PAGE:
FIG. 4 is an additional cross-section view of the proximal end of the guide wire and the distal end of the extension wire showing an alternate configuration for guide wire and extension wire assembly of the present invention.

FIG. 5 is an additional cross-section view of the proximal end of the guide wire and the distal end of the extension wire showing the 90 degree latch configuration for guide wire and extension wire assembly of the present invention.

FIG. 6 is a top view of FIG. 5 showing the proximal end of the guide wire and the distal end of the extension wire being joined together.

FIG. 7 is a view showing the assembled joint connection of the guide wire and extension wire assembly of FIG. 5.

FIG. 8 is a enlarged transverse cross-sectional view similar to FIG. 3 showing the 90 degree latch configuration between the guide wire and extension wire in the locked position.

DETAILED DESCRIPTION OF THE PREFERRED EMBODIMENTS

The present invention is directed to a guide wire extension system 10 utilizing a peg and hole connection between the guide wire 15 and the extension wire 20, thus avoiding the need for a separate exchange length wire when exchanging a balloon dilatation catheter. The proximal end of the guide wire 15 and the distal end of the extension wire 20 are joined together create a guide wire extension system 10 utilizing the peg and hole connection. The peg, when inserted in the hole, can be held in place by a variety of methods including friction, magnetic attraction or mechanical locking. The connection between the guide wire and the extension wire makes it simple to attach the wires together, transfers torsional forces between the wires without the fear of the wires coming apart or unscrewing and is readily disconnected/reconnected when required. While the following describes the peg to be on the end of guide wire 15 and hole to be on the end of extension 20, it could also be the other way around.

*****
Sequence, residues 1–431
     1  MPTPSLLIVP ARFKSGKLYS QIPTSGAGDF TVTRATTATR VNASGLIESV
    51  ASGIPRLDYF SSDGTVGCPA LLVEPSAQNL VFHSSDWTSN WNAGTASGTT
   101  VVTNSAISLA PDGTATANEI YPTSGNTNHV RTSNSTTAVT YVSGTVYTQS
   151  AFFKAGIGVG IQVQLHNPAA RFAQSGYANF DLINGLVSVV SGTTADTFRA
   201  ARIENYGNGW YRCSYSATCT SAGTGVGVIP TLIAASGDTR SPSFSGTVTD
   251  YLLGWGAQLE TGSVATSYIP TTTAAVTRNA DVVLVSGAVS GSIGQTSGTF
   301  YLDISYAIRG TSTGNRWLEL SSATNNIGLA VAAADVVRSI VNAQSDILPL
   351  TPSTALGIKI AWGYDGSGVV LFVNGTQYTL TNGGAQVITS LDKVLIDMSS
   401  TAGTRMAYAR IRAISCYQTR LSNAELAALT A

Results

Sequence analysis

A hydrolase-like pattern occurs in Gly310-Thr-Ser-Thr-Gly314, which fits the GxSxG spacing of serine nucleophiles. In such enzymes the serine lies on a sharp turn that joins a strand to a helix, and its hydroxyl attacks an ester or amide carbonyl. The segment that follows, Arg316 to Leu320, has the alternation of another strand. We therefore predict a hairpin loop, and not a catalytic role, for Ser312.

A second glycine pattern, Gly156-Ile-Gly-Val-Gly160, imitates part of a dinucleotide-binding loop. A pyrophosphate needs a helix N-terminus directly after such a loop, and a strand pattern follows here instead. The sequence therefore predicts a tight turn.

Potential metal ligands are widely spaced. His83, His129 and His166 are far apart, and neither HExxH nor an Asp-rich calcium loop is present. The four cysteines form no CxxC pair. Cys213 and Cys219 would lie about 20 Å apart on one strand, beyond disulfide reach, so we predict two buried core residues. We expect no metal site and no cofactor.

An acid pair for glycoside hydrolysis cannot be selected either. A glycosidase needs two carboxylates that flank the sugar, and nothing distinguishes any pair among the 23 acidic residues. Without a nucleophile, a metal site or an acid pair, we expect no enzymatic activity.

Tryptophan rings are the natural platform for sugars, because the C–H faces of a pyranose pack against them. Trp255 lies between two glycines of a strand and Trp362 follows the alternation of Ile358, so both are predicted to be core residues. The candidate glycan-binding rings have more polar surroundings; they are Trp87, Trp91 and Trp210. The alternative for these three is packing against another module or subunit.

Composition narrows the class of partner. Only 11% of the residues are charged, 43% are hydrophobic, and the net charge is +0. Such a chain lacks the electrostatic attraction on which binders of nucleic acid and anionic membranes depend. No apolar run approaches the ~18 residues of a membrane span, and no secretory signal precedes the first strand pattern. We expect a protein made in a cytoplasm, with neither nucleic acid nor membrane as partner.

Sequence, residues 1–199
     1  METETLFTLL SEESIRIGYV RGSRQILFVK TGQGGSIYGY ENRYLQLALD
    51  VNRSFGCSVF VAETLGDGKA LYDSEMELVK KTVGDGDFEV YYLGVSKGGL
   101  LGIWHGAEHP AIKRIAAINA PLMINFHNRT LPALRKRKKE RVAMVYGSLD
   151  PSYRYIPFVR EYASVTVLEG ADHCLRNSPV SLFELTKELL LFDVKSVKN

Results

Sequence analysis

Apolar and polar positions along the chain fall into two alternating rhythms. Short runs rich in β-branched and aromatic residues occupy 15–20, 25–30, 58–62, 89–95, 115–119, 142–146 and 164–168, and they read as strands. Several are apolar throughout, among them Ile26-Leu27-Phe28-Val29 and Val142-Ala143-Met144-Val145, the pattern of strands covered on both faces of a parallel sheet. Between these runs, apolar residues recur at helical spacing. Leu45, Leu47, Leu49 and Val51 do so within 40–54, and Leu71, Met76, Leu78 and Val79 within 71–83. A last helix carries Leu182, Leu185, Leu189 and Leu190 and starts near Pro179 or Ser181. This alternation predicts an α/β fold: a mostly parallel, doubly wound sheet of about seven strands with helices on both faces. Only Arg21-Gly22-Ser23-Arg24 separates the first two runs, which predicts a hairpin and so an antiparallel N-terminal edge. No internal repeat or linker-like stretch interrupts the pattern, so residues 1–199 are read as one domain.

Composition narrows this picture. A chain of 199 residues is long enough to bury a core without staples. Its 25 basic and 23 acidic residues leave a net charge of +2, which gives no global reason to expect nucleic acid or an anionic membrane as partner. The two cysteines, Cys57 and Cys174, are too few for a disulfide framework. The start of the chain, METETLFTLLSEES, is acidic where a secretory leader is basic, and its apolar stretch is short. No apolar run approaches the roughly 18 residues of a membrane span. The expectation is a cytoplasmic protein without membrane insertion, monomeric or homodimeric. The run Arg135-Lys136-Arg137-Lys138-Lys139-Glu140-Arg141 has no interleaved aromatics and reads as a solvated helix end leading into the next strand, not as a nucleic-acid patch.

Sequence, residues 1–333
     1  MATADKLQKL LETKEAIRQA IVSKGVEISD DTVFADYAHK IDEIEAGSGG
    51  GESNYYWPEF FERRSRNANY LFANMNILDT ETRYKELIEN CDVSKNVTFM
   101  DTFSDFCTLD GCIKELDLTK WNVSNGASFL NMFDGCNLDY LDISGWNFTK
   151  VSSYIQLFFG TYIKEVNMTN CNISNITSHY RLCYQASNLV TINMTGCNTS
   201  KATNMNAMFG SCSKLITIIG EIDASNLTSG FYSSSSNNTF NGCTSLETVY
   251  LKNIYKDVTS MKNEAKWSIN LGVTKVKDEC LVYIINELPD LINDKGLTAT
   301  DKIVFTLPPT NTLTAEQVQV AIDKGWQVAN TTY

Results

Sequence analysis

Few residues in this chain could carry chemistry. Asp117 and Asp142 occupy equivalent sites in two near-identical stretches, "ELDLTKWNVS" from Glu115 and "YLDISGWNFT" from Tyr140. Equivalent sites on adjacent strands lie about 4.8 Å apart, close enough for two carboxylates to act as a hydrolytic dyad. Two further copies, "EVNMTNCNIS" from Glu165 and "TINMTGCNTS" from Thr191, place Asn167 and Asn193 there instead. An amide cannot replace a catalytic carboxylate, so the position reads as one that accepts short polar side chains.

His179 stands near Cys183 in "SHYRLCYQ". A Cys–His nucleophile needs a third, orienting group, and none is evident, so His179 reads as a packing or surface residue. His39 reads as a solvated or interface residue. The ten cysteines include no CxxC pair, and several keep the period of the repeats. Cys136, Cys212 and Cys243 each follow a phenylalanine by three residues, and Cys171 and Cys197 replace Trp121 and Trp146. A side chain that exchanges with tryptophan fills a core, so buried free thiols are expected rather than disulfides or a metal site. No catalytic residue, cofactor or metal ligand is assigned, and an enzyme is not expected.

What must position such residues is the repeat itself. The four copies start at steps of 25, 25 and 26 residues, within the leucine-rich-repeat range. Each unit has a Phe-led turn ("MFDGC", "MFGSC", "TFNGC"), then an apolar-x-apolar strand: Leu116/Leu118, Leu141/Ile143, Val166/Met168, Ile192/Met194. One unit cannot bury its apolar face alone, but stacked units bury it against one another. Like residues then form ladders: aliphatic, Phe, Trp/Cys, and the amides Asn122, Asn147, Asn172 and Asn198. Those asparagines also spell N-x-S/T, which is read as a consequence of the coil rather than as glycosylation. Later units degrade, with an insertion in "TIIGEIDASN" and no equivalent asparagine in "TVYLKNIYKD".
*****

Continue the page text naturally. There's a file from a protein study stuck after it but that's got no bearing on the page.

FIGS. 1-4 show the first embodiment of the present invention of a guide wire extension system 10, which includes guide wire 15 with connection member 40 with hole 30 at its proximal end 45 and an extension wire 20 with connection member 35 with peg 25 at its distal end 50. Guide wire 15 is made of any guide wire construction modified at its proximal end 45 with connection member 40. Standard guide wires for angioplasty are constructed of metal (stainless steel, nitinol, etc.) and have diameters of ranging from 0.010" to 0.018". The exact construction of guide wire 15 (other than the proximal end 45) is not critical to the invention and will not be described in any detail. Connection member 40 is located at the proximal end 45 of guide wire 15, connection member 40 may either be constructed as part of guide wire 15 or attached to proximal end 45 by bonding, soldering or welding. FIG. 4 shows an alternate configuration in which connection member 40 is mechanically attached with the proximal end of guide wire 15 using pin 75 and connection member 40 is constructed from a material that is magnetized or is magnetic, such as alnico, cunife or rare earth alloys, so that when connection member 40 is joined with connection member 35, they are held together with magnetic attraction. Connection member 40 comprises an upwardly curved outer surface 60 and a flat mating surface 55 that runs through the horizontal axis of guide wire 15. The curved outer surface 60 has a radius the same as guide wire 15 (see FIG. 3) and the width of surface 55 is the same as the diameter of guide wire 15. At the center of surface 55 is hole 30, hole 30 extends through connection member 40 perpendicular to surface 55 and is dimensioned to receive peg 25.